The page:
114 F3d 1193 Arredondo v. Uniroyal Goodrich Tire Co Bf

114 F.3d 1193

Manuel ARREDONDO, husband; Idelia Arredondo, wife; Rudolfo
Cortez, husband; Alma Cortez, wife, Plaintiffs-Appellants,
v.
UNIROYAL GOODRICH TIRE CO., a Delaware Corporation; the
B.F. Goodrich Company, a New York corporation;
Pace Membership Warehouse, Inc., a
Colorado corporation,
Defendants-Appellees.

No. 95-17309.

United States Court of Appeals, Ninth Circuit.

Argued and Submitted March 12, 1997.
Decided May 29, 1997.

NOTICE: Ninth Circuit Rule 36-3 provides that dispositions other than opinions or orders designated for publication are not precedential and should not be cited except when relevant under the doctrines of law of the case, res judicata, or collateral estoppel.

Before: CHOY, BRUNETTI, and FERNANDEZ, Circuit Judges.


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1

MEMORANDUM*

2

Federal Rules of Evidence 702 governs the admissibility of expert opinion testimony. It states: "If scientific, technical, or other specialized knowledge will assist the trier of fact to understand the evidence or to determine a fact in issue, a witness qualified as an expert by knowledge, skill, experience, training, or education, may testify thereto in the form of an opinion or otherwise." Fed.R.Evid. 702. First, Rule 702 requires that the evidence "assist the trier of fact," in other words, that it be relevant. Daubert v. Merrell Dow Pharmaceuticals, Inc., 509 U.S. 579, 591 (1993). Second, it demands that the evidence be reliable. Id.

I. RELIABILITY OF TESTIMONY

3

The district court has the obligation to ensure that testimony is reliable and will help the trier of fact. Id. at 590. To ensure reliability, Rule 702 demands that expert testimony relate to scientific, technical or other specialized knowledge, which does not include unsubstantiated speculation and subjective beliefs. Id.

4

Having considered all of the testimony of Loren Forney, appellants' expert witness, including his failure to note a puncture in the tire, his inability to dismiss various other possible causes of the tread-off, his lack of knowledge about adhesion failures generally, and his inability satisfactorily to explain the reasoning behind his opinions, the district court found that Forney's testimony, whether scientific or technical, was unsubstantiated and subjective, and therefore unreliable and inadmissible. The district court found that appellants failed to provide sufficient evidence to show that Forney based his conclusions on reliable scientific or technical knowledge that would assist the trier of fact. See id. We agree.

II. APPLICABILITY OF DAUBERT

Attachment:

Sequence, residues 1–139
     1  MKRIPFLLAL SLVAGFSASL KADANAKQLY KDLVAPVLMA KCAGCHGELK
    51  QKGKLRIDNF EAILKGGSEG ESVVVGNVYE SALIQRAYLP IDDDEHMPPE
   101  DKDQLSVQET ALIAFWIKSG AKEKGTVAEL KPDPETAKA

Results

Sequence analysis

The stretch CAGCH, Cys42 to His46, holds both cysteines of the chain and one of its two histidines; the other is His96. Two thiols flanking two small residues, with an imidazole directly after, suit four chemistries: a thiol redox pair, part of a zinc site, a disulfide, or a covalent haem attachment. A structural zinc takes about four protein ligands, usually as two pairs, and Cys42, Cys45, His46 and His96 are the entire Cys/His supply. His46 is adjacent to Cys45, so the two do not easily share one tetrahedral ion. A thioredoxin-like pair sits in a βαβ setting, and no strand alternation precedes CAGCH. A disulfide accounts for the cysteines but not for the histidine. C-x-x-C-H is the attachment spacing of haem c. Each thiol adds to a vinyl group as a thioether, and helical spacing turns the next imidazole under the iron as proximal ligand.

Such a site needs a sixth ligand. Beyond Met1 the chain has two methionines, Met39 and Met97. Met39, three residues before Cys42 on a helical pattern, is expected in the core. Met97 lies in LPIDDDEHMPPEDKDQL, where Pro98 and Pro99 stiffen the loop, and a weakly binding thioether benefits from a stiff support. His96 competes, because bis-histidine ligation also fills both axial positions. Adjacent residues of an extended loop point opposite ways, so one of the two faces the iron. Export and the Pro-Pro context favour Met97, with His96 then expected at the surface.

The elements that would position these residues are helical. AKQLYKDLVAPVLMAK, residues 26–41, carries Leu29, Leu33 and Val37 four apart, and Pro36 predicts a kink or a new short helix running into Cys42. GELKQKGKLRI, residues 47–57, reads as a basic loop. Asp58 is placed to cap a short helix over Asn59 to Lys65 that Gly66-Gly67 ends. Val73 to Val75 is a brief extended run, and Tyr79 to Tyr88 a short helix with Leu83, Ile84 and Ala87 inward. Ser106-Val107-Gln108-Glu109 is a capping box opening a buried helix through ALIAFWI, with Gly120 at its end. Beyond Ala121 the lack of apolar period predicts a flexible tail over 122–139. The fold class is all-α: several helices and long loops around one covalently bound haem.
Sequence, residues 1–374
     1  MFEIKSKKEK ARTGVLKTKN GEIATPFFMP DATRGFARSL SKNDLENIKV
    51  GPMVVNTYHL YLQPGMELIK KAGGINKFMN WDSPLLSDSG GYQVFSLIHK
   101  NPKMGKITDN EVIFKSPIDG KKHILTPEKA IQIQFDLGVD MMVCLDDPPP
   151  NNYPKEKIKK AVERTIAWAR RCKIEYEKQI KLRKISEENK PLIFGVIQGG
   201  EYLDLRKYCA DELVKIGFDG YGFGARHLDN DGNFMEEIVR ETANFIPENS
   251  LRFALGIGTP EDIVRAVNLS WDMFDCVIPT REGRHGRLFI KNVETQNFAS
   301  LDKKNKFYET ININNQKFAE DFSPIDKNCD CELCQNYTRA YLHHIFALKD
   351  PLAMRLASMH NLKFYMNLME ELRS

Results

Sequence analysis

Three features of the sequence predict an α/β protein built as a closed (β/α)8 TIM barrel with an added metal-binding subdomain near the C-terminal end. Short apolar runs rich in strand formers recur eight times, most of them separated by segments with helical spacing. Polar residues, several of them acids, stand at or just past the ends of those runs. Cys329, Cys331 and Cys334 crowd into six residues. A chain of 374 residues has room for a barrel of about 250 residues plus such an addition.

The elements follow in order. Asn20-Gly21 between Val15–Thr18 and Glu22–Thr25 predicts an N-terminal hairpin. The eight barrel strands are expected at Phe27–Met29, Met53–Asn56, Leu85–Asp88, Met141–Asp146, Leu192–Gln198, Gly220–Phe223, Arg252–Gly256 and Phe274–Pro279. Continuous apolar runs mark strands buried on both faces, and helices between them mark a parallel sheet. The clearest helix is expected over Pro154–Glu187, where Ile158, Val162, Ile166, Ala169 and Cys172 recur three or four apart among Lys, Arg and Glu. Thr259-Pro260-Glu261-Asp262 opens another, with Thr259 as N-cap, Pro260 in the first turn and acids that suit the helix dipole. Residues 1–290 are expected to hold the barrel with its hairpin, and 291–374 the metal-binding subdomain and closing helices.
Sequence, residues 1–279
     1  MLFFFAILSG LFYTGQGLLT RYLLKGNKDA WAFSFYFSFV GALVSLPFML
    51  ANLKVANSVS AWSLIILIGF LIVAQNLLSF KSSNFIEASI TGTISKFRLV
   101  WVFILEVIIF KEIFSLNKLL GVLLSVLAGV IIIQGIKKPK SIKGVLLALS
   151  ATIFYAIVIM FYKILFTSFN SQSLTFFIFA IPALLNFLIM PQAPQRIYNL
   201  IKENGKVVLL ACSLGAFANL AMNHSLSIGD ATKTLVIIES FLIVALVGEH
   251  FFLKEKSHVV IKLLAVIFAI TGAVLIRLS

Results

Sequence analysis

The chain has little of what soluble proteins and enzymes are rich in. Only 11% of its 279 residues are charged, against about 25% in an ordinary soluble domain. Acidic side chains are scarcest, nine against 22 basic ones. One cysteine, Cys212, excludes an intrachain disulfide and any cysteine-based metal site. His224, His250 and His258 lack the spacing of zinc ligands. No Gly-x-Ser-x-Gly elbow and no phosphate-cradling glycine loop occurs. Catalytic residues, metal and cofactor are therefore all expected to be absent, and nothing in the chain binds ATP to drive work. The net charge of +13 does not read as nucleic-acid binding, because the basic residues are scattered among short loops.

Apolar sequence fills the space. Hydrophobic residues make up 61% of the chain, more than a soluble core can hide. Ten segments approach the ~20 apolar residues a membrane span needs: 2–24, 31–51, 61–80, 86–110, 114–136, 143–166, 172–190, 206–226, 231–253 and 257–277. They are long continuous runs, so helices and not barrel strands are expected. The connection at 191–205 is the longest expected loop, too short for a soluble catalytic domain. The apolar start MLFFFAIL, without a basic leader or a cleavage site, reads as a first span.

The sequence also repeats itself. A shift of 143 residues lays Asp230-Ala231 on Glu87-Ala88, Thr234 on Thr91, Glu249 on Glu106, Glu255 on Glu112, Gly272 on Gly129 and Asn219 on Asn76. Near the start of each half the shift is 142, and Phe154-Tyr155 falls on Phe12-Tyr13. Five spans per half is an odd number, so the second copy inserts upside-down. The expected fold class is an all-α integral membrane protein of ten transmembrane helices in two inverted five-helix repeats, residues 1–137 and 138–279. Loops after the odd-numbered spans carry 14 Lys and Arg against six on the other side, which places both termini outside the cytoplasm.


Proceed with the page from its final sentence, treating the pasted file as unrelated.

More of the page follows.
5

We need not decide whether Forney's testimony is scientific or technical in nature, and whether Daubert applies, because we find that his testimony does not meet Rule 702's reliability standard.

6

III. BURDEN OF PROOF FOR PRODUCTS LIABILITY CLAIM

7

The Arredondo-Cortez families' claim that the district court abused its discretion by imposing a burden of proof higher than is required by Arizona law for strict products liability claims is meritless. The district court only required plaintiffs to prove sufficient to allow a trier of fact to reasonably infer it more probable than not, that the tire was defective and unreasonably dangerous. This is the correct standard of proof. See Dietz v. Waller, 685 P.2d 744, 747 (1984); Restatement (Second) of Torts, § 402A (1965).

IV. APPLICATION OF DAUBERT IN DIVERSITY CASE


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8

The Arredondo-Cortez families also claim that the district court violated the twin aims of Erie R. Co. v. Tompkins, 304 U.S. 64 (1938), by applying Daubert in this diversity action because Arizona state courts routinely admit expert testimony similar to Forney's under the more stringent test of Frye v. United States, 293 F. 1013 (D.C.Cir.1923). Because we do not reach the issue of the applicability of Daubert in this case, we decline to address appellants' contention.

9

V. DISTRICT COURT'S CONSIDERATION OF UNTIMELY EVIDENCE

10

Plaintiffs argue that the district court abused its discretion by considering evidence that was untimely disclosed in violation of Rule 26 of the Federal Rules of Civil Procedure. Plaintiffs failed to object to the introduction of this evidence before the district court issued its decision, and the evidence is therefore admissible. Beech Aircraft Corp. v. United States, 51 F.3d 834, 841 (9th Cir.1995) (citing Seamon v. Vaughan, 921 F.2d 1217, 1220 (11th Cir.1991) (declining to hear argument on appeal where party failed to raise it to district court prior to final judgment, even though issue was presented to district court in Rule 59 motion)).

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AFFIRMED.

*

This disposition is not appropriate for publication and may not be cited to or by the courts of this Circuit except as provided by 9th Cir.R. 36-3